"Summer of the Dancing Bear" by Bianca Lakoseljac

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A past world is revealed to us in Bianca Lakoseljac’s lyrical Summer of the Dancing Bear, a world in which gypsy lore and culture play prominent roles. The author makes the discovery of this world deeply rewarding by using a risky gambit in portraying her heroine’s consciousness.

A girl struggles to come of age in this haunting story set in Tito’s Yugoslavia in the 1960s, and the struggles arise because of the girl’s unusual abilities. She perceives her idyllic country surroundings unusually deeply for one so young: the harvest-ready wheat fields glow and swirl as though rendered by Van Gogh – her grandmother took her to the museum to see the exhibit – and her dreams reveal events and calamities she could not know of otherwise. Her grandmother is friendly with the gypsies when they pass through, and they respect her as a shaman. Her grandmother also sees the abilities of young Kata, and raises her with loving attention. 

The gypsies play a central role here, first by bringing a bear to perform at the village in the summer of Kata’s eighth year. This vividly-told event sets off the narrative’s tragic spiral. A village woman’s baby disappears, and the gypsies are naturally blamed. Kata, in the midst of an idyllic childhood, plays a role in the events at a climactic event in which her abilities finally become apparent.

Ms. Lakoseljac sets herself a very difficult path: she portrays Kata’s consciousness as a confused and dream-infused vision. Thoughts and images come to her suddenly – sometimes she has been dreaming, and sometimes she finds herself in a remote spot near a marsh or woodland with no idea how she got there. Sometimes it affects her health, and her loved ones and neighbors become alarmed for her. The author always fills us in on the events that lead to the spell, and poor Kata must work through the significance of her visions. Readers will find themselves wishing they could help, because Kata is a very sympathetic character.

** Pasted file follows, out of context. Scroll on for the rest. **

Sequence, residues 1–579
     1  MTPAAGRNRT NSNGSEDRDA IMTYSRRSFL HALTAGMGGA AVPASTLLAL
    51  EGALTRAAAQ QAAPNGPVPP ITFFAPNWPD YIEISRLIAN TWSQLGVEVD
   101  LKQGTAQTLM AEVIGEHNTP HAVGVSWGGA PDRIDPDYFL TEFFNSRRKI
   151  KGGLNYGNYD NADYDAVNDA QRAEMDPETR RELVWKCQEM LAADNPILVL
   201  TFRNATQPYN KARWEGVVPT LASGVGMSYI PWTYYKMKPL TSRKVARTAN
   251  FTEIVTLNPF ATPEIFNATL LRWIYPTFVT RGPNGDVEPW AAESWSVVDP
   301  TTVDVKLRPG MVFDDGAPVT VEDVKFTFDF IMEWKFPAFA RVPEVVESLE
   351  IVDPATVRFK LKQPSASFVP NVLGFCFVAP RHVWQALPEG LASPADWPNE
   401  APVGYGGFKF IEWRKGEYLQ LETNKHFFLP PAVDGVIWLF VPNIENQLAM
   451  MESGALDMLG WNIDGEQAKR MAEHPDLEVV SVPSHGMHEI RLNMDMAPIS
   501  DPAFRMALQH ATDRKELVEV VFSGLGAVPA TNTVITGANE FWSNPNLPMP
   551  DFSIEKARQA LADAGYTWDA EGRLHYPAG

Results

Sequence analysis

Regardless of Kata’s sudden and unpredictable visions, this book is tightly-plotted and rewarding. It honors the oppressed and wandering Romany tribes, effectively portraying their lust for life as well as their humanity and enlightened traditions. Kata learns the part she will play in the tradition, and the reader is treated to a captivating story set in a seeming far-off time and place. Highly recommended.

"Back in the Game" by Charles Holdefer

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Back in the Game packs a solid punch – it’s full of awkward and endearing humanity – with its straight-ahead style and character-driven plot. How some authors work so much believability and sympathy in a slim volume is completely beyond me. This book oddly shares an impressive heart, and a comfortable, reasonable approach to life that belies the desperation of some of its characters.

Stanley Mercer, a former pro ballplayer, has come home to America from France, where he was trying unsuccessfully to find funding for a barnstorming baseball tour. His influential brother secures him a teaching job at an elementary school in Iowa, and Stanley finds himself trying to make sense of it all. He scarcely believes it. Not one to dwell too much dashed dreams, he discharges his new responsibilities reasonably well, making a pretty good teacher for the year, particularly since he never quite got his bachelor’s degree.  He becomes involved with one or two families during the year, and one of them, the Rawlingses, is headed by Reggie, who is unfortunately a meth addict. As always, addicts are unpredictable while high, and Stanley has to deal with the raging Reggie, who may or may not know the extent of Stanley’s involvement with his wife, Amy.